Redneck in Training

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As ski racing shifts into summer training mode, and athletes head around the globe in search of snow, it’s darned refreshing to see how one of the world’s best SL skiers puts together a high level/low budget training program. Robby Kelley’s custom made Redneck Racing summer schedule is heavy on hard work and creativity and extremely light on the Dijon.

As part of the Cochran Clan—the Patron Saints of grass roots development, maximizing resources and DIY training—Kelley is in his third year of independent training through Redneck Racing. Ranked 39th in the world in SL, Kelley is the third ranked American slalom skier and a top prospect for the 2018 Olympics in Pyeongchang. Ever since turning down his US Ski Team nomination in 2015-16, however, he has been committed to pursuing the ski racing dream entirely on his own program.


Kelley’s 2017-18 season officially started with an extended spring training tour in his home state of VT. The Tour kicked off April 15 on home turf, the 350 vertical-foot “Cochran’s Glacier.”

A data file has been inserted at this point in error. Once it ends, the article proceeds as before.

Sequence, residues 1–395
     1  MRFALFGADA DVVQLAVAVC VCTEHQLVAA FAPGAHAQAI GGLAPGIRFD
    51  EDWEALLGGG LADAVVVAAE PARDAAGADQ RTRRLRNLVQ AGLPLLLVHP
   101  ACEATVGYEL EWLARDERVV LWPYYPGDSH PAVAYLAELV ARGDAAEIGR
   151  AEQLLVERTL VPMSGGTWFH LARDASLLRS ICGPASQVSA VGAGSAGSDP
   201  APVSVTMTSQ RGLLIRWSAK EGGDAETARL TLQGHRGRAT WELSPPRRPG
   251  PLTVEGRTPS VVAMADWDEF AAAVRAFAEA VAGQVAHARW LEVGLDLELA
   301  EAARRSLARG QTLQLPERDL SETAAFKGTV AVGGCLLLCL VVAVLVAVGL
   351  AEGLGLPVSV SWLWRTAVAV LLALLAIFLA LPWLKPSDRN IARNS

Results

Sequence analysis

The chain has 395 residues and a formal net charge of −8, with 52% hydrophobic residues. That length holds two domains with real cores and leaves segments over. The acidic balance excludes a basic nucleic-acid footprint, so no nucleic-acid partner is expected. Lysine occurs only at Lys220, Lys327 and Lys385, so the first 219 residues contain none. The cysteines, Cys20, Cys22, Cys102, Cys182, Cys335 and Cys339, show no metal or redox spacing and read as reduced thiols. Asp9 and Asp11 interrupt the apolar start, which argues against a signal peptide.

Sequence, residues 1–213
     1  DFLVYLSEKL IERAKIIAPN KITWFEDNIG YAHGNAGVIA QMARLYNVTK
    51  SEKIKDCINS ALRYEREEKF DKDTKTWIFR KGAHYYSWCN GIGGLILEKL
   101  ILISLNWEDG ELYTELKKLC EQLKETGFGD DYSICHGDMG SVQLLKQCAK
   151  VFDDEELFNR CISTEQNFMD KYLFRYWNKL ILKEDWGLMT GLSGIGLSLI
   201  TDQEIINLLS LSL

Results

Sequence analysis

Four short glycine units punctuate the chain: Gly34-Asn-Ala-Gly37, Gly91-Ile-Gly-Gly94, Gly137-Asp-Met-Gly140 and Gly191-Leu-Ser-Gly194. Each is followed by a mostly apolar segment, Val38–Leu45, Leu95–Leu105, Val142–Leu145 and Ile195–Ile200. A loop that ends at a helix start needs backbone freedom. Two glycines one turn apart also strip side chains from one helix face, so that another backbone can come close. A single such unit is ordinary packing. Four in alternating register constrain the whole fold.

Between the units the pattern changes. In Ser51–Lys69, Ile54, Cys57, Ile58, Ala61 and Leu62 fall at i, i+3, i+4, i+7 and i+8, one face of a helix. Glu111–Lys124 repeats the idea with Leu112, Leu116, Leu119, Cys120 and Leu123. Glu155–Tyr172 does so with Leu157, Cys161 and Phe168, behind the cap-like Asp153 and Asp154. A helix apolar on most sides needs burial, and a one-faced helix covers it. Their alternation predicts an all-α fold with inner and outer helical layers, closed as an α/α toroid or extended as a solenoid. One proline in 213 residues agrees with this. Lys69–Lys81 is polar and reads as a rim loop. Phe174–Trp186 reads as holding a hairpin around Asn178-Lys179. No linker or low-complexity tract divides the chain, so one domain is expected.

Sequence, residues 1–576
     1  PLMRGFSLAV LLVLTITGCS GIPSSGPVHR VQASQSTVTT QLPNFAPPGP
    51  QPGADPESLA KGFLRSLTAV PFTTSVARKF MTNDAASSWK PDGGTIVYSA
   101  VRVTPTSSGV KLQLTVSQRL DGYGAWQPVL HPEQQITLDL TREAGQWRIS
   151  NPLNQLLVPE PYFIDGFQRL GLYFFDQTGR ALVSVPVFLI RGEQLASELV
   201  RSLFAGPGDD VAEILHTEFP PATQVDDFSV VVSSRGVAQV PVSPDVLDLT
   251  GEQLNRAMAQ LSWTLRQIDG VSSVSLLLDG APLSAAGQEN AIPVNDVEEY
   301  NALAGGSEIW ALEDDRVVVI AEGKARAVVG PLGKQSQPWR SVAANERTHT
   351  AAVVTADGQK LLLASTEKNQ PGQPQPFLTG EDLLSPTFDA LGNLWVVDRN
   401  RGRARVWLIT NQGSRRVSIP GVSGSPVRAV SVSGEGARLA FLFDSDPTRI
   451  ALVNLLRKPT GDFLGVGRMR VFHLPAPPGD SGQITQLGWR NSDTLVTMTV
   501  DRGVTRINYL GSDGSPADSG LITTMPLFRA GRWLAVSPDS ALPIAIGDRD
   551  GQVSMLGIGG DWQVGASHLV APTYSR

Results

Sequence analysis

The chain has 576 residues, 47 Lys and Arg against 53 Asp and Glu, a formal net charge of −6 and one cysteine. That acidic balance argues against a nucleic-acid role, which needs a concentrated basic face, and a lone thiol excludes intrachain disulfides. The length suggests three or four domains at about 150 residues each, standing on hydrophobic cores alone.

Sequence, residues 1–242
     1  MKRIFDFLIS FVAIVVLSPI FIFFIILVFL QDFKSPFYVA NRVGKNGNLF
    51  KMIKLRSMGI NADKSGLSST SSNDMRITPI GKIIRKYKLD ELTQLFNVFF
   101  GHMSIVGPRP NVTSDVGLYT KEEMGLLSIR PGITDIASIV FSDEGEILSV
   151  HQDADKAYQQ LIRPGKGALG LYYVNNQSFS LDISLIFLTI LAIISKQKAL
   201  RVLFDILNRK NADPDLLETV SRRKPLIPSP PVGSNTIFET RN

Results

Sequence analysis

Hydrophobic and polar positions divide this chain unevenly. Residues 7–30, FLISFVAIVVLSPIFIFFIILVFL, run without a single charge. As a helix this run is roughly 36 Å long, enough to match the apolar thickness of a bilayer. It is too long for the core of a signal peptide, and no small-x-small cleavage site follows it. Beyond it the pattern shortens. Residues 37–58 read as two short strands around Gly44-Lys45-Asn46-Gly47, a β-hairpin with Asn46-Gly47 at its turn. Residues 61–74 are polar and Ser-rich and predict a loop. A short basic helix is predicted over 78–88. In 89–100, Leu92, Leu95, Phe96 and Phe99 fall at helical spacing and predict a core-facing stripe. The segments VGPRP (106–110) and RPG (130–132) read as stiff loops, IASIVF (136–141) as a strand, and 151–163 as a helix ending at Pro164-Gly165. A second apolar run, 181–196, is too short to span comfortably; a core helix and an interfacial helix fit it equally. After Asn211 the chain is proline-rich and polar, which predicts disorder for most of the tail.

Kelley kept it going with a May 21 camping/SL trip up Mt Mansfield with cousin (and current US Ski Team athlete) Ryan Cochran-Siegle and former Redneck teammate Andrew McNealus. The 30-gate slalom that danced along a knife-edge then plunged down Nosedive made Kitzbuhel and Wengen look like an Autobahn.


From there, Kelley headed a bit further south and took full advantage of Killington’s regular season, and the free lift tickets on Closing Day, June 1. The lifts ceased spinning, but a snowpatch endured, so Kelley and fellow Redneck Tucker Marshall returned on June 4. Arriving before sunrise, they hiked their gates and salt up the mountain, and set an 18-gate slalom—unfinishable by mere mortals—down the gritty, salted moguls of Superstar.